The metal marked its lowest since Feb. 8 at $1,171.21 per ounce in the previous session.
U.S. gold futures for December delivery settled at $1,190.80 per ounce.
Spot prices marked their lowest since Feb. 8 at $1,171.21 on Friday, under pressure from a 14-year high in the dollar. The metal has fallen 7 percent so far this month, as the dollar and bond yields benefited from heightened expectations of enlarged fiscal spending by U.S. President-elect Donald Trump.
As gold pays no interest, the rise in returns from U.S. bonds and other markets is seen as negative for the metal
The dollar index, which measures the greenback against a basket of currencies, was down 0.4 percent on Monday while the yield on 10-year U.S. Treasuries retreated from a 16-month high of 2.417 percent touched last week.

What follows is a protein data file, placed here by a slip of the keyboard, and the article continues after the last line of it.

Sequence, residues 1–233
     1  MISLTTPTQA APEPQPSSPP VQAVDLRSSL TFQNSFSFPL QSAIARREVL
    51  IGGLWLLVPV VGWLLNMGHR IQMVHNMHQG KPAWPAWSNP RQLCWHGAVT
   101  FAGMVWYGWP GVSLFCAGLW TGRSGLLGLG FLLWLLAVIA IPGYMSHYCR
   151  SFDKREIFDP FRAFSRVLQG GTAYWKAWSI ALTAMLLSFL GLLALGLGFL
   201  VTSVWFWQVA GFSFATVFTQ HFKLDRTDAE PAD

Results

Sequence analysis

In other markets, crude prices were marginally lower on doubts OPEC can nail down an agreement to limit supplies and Europe's main stock markets also fell.
"If oil prices collapse or stay low then inflation won't pick up as much and there would be less of an incentive to raise U.S. rates rapidly and the dollar would not be as strong, which would be supportive for gold," ING head of commodity strategy Hamza Khan said.
"However, going forward, the equity market is going to be a bigger driver than the rush to safety for gold."
Federal Reserve policymakers appeared confident on the eve of the presidential election that the economy was strengthening enough to warrant an interest rate hike, minutes from the Fed's early November meeting showed.